In a 31-page document, lawyers Evans Monari and Gerishom Otachi still believe the crimes committed during the post election violence do not qualify as crimes against humanity and that there was no substantive evidence linking their client to the alleged crimes.
They assert that there was no State-like organised group that attacked people during the violence and now want the court to reject confirmation of the charges against Ali saying he did not commit the alleged crimes.
“The prosecution led by Moreno Ocampo failed to prove any of the requisite elements of an organisation and has not and cannot even describe the make-up of such a group.”
They say the descriptions of the structure of the ‘group’ involved are inconsistent, creating doubts as to whether the group included the Mungiki, the PNU and pro-PNU youths, businessmen, the police or some combination of the mentioned groups.
They further allege that the Prosecutor had not manage to prove to the court that the involvement of their client in the perceived group was made either with aim of furthering the criminal activity or he did so in the knowledge that the intention of the group was to commit the crime.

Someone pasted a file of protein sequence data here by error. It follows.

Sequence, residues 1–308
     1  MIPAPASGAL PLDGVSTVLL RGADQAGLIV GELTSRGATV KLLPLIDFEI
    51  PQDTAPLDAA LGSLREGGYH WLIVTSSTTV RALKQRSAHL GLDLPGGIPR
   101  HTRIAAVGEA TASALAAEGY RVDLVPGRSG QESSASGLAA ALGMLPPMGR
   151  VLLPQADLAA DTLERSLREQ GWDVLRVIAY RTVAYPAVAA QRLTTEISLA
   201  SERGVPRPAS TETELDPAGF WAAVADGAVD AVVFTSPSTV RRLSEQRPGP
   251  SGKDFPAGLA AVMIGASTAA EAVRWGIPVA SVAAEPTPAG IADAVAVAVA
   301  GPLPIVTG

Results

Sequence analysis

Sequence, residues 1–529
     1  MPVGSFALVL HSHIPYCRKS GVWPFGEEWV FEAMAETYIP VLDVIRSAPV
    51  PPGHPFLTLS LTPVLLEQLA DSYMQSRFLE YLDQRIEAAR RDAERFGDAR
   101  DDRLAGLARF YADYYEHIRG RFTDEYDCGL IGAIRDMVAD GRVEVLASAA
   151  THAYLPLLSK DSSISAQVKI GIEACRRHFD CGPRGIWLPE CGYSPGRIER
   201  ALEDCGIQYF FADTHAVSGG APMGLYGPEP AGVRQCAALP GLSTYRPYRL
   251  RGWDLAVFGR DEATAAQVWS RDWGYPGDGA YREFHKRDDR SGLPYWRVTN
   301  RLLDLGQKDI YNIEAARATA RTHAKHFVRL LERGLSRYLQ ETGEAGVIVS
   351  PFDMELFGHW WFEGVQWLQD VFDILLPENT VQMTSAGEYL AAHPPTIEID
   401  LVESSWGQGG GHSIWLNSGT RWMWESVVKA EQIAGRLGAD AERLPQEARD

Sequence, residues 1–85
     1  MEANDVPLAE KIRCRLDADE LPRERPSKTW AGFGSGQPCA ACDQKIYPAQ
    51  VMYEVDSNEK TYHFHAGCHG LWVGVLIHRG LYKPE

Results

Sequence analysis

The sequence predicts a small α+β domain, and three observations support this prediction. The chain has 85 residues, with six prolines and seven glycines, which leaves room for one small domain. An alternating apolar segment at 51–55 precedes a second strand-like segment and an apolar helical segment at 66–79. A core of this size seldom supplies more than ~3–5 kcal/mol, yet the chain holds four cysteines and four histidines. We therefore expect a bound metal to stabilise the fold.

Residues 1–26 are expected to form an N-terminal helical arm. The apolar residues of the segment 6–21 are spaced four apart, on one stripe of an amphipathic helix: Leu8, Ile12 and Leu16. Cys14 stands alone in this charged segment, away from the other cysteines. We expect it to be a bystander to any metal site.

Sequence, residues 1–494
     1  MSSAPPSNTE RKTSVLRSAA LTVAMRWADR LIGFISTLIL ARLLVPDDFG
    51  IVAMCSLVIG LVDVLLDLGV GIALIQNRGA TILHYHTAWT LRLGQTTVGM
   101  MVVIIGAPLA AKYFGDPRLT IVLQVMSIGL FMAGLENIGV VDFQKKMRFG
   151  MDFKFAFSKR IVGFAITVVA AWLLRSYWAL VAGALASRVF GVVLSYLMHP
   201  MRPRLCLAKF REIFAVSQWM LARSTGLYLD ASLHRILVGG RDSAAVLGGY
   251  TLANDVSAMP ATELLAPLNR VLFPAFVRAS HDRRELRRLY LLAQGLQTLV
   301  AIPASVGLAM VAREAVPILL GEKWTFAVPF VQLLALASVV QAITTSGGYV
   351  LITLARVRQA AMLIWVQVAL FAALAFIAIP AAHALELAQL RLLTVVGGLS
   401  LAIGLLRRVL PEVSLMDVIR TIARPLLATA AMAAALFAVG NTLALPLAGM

Article 25 (3) (d) (II) of the Rome Statute says that a person shall be criminally responsible for crimes within the jurisdiction of the court if they contributed to the commission of the crimes with aim of furthering criminal activity or with knowledge of the intention to commit the crimes.
The lawyers argue the prosecution had failed to prove that the court had personal jurisdiction over Ali because the crimes alleged against him “do not constitute crimes against humanity.”
“This case is dismissible for want of sufficient gravity as defined in Article 17. Most important, none of the evidence submitted by the prosecution supports any of its alleged arguments as to either jurisdiction or admissibility,” the two argue.